How databases work with your ecommerce website

How databases work with your ecommerce website

Adam Morgan

The number of buzzwords relating to databases can leave merchants feeling a little confused. The basic principle of a database is to store digital information in a way that can be easily captured, retrieved and distributed.

Data within your database can be organised based on your preferred settings, making web applications simpler and easier to understand. Instead of focusing on the actual data, it can turn its attention to the presentation and behaviour of the data.

While few need to know the intricate detail of how databases work, it is a good idea to have a basic knowledge about how it functions with your ecommerce website.

What Databases Are Out There?

There are a number of databases out there; here are a few of the most commonly used:
• Oracle – An object-relational database management system
• MySQL – SQL stands for structured version of query language and is a popular choice for web applicants
• Microsoft SQL Server – Offering apt edition as well as mission under critical application

How Do I Choose a Database?

Some databases will require you to use their operating system (OS) and therefore provide a restricted choice.

Scalability will need to be taking into consideration, so determine the number of products in your database and what’s needed to make management of them easier.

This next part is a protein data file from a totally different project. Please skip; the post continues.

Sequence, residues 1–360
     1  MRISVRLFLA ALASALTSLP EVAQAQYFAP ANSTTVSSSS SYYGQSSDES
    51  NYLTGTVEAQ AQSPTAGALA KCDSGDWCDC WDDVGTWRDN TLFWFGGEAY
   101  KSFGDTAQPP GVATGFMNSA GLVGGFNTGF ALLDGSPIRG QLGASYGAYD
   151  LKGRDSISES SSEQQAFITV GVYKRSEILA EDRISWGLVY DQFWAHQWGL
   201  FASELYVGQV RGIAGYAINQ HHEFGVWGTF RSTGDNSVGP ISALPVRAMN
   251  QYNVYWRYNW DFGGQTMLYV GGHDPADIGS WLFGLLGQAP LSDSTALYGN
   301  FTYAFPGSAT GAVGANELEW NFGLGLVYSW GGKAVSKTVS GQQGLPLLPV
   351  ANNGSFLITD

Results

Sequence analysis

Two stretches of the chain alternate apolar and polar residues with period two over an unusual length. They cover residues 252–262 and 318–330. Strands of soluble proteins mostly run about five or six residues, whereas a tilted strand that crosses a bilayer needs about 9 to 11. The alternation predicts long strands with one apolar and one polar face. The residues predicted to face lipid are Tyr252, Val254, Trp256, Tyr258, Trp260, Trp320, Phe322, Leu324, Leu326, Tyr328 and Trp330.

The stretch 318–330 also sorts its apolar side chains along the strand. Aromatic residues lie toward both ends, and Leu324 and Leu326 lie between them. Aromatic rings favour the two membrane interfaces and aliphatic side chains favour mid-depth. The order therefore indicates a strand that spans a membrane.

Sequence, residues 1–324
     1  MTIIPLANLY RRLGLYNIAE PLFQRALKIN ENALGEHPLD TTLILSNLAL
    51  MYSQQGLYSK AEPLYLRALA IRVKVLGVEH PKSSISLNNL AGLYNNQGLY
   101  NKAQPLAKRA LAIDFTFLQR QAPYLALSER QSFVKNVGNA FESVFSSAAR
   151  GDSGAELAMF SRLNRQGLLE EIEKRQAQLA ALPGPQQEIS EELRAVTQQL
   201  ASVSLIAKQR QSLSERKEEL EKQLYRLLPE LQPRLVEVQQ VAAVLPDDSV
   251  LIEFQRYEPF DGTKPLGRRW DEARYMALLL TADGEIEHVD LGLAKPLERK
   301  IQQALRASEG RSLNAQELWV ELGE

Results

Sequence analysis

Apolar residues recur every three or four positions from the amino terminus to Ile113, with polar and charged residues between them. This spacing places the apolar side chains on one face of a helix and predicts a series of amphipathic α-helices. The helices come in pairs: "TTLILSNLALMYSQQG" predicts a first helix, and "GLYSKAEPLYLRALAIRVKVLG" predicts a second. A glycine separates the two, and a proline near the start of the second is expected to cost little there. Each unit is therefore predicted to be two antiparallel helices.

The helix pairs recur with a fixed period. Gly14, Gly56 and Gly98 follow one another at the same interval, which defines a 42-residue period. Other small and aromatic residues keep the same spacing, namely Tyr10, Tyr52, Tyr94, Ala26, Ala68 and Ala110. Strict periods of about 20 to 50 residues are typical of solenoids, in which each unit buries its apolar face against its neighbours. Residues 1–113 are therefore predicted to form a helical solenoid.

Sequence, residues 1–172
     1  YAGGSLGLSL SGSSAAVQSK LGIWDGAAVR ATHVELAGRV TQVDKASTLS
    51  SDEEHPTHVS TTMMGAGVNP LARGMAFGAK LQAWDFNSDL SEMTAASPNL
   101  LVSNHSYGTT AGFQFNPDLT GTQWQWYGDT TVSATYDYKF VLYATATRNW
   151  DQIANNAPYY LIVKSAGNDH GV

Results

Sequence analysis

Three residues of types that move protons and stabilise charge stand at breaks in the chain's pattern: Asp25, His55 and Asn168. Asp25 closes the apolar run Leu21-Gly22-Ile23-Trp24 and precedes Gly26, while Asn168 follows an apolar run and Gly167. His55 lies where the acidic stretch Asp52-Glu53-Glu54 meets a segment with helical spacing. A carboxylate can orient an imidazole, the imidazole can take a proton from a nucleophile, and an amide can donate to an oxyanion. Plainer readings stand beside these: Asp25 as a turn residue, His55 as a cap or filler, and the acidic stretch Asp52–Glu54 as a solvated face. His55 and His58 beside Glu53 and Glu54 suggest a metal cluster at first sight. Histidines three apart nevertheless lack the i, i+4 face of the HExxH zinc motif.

Above all, a database has to provide manoeuvrability when adapting for your ecommerce site. The database also has to have a simple ordering system to ensure that transactions can be made smoothly.

Site Content

This is what you see when you are browsing the storefront. It will include content pages, product pages and category pages. These are all dynamically created using HTML.

Transactional Data

Simply put, this is data recorded from transactions. It is one of the most important jobs of the database as it keeps track of every order and all customer information. Data captured is usually a result of an action a customer has taken on the page. Examples of this might be:
• Customer orders: Name, address, phone number, products purchased, email, credit card details
• Inventory updates: Product details, items sold, out of stock
All transactions are tracked and much information gathered in this process is used to process an order.

Organising products

There could be thousands, if not millions, different products on your store with variations of colour, size and styles. It is a critical job of the database to organise this information and give consumers a quick and easy way to locate the product they need.

Providing Structure

As mentioned previously, your database will store a lot of information on your products. It will create a structure for the large amount of product data and makes it easier to access that information.

Potential Issues

For all the benefits of a database, they do have weaknesses too. They can be extremely complex to set up, for example, organising data (schema), data validation and server setup. Databases also provide little information in regards to analytics, due to them being primarily used for storing and organising data.